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Twin Falls’ Snow family celebrates a century of farming

September 6, 2018

TWIN FALLS — Never has the Idaho State Department of Agriculture and the Idaho State Historical Society honored a centenarian by declaring their farm a Century Farm.

But on Tuesday the two agencies came close at the Snow family farm south of Twin Falls.

Lois Snow turns 100 in February; the land Lois’ father-in-law, Frederick Snow, purchased in 1908 is the latest Century Farm in Twin Falls County.

Lois and her husband, Walter Snow, farmed the original 40 acres and leased additional ground from their neighbors.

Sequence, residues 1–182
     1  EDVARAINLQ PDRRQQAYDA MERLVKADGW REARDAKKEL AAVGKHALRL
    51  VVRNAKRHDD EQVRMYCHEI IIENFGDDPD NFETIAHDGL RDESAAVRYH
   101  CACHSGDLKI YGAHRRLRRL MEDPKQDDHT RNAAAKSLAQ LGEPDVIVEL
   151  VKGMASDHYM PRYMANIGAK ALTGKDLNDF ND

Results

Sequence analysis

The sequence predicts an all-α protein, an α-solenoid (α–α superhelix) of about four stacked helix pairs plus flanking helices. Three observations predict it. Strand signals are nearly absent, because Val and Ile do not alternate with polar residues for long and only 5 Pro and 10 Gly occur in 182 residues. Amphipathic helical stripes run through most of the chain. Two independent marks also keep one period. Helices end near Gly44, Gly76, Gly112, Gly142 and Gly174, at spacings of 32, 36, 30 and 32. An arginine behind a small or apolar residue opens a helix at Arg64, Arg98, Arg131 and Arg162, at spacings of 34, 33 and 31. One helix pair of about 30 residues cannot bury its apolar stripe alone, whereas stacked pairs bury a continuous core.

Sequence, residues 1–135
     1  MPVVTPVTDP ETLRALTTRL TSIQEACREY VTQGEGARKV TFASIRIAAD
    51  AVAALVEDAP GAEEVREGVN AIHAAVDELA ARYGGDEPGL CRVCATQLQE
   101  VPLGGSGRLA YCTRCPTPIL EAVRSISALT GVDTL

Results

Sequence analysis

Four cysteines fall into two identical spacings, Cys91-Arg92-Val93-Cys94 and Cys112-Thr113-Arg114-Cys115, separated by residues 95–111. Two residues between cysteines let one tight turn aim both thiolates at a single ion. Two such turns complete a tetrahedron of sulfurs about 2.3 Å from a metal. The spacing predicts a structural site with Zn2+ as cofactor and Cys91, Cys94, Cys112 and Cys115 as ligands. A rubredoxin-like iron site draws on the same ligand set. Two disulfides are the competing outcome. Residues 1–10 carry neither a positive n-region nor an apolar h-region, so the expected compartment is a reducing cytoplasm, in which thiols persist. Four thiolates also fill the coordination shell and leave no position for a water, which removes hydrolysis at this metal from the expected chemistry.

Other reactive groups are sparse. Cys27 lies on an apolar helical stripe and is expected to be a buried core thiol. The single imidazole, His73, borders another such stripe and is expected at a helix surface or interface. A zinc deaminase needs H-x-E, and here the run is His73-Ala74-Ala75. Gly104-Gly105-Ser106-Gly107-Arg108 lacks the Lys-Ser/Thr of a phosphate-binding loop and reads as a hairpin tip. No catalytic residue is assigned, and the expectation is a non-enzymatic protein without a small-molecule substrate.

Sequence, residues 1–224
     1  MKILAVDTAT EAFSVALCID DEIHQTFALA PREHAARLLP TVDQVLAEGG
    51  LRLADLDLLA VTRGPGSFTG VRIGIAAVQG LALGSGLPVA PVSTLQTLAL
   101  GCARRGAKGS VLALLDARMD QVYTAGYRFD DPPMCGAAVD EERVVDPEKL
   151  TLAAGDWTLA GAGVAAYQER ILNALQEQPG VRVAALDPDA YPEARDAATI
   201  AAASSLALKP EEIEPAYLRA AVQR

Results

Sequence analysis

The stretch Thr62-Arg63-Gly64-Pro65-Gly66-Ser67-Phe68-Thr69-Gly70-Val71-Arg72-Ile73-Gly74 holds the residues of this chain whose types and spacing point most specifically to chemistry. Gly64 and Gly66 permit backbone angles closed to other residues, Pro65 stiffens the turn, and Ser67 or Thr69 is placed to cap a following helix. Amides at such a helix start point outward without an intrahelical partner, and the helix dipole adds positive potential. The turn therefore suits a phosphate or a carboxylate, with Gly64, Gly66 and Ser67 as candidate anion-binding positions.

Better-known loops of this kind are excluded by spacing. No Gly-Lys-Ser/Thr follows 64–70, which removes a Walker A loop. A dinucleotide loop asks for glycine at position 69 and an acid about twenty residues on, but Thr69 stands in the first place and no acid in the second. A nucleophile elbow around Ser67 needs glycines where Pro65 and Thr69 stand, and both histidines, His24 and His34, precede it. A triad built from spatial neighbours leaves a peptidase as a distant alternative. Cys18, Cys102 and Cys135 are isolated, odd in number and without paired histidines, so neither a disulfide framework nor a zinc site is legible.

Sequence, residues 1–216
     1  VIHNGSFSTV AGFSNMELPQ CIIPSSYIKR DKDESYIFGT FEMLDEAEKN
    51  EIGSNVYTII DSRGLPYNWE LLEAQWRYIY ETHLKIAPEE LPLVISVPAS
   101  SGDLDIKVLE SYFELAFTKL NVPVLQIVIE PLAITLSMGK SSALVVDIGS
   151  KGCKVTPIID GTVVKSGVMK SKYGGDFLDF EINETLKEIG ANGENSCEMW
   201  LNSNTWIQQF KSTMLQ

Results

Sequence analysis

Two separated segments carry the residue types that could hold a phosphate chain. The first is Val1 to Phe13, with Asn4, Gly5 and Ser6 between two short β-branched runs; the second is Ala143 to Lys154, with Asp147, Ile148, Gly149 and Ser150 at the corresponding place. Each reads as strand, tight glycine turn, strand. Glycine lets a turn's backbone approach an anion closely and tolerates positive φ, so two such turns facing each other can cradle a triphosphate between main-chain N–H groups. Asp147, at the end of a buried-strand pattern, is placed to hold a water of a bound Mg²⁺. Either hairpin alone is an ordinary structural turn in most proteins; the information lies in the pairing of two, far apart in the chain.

“We used to farm where that subdivision is now,” said Lois’ son Tom Snow, 61, as he pointed to a housing development north of Idaho 74.In order to be designated a Century Farm, at least 40 acres of the original farm must have been owned and farmed continually by members of the same family, explained historian Paul Smith, the Idaho State Historical Society trustee who presented the award to the Snows, including Tom’s brother David. The family received Century Farm and Century Ranch signs and a certificate signed by Idaho Gov. C.L. “Butch” Otter.ISDA Director Celia Gould, a graduate of Buhl High School and a former Idaho legislator, also spoke at the Snow’s celebration. The ISDA and ISHS are partners in the program.As a small crowd gathered to celebrate, Tom wandered around the outbuildings, pointing out what changed and what stayed the same over the years. The garage once stood where an outhouse now stands.Frederick Snow’s original one-room shack, built in 1908, still stands in near-perfect shape. Dates of equipment repairs and crops harvested are penciled on its bare wood walls and diary-like entries such as “April 1, 1926, blizzard snow” and “Apr. 4-5 Big rain” document memorable weather events.“That’s how they kept track of things,” Tom said.Walter Snow took over the farm in 1949, several years after Tom’s grandfather died. Walter was the chief engineer of two local radio stations and Lois was a beauty operator.“It’s a three-holer,” Tom said. “We do have indoor plumbing now if anyone needs it.”“People endured a lot of hardships, especially in the 1930s,” he said. Tom pointed out a cistern just outside the 1916 home where irrigation water was stored for domestic use. The family didn’t have running water until the family drilled a well the year he was born.“My mother said every time the drilling rig pounded the ground, it woke me up,” he said.A long row of Russian olives trees that broke the wind and provided the house with shade is mostly gone, as are the corrals that once held up to 200 sheep.Tom recently retired after 30 years with the U.S. Department of Agriculture, and now manages the farm and restores antique tractors.Trisha Hoffman, who runs the program for the state historical society, said more than 400 farms and ranches in Idaho have been recognized as Century Farms, including 13 in Twin Falls County. Curt and Shari Darrow of Castleford received the Century Farm Award in August. Duane Ramseyer of Filer received the award in September 2017.The program developed during Idaho’s 1990 centennial.“It’s nice to recognize these people who have persevered and worked hard on these farms,” Hoffman said Wednesday.

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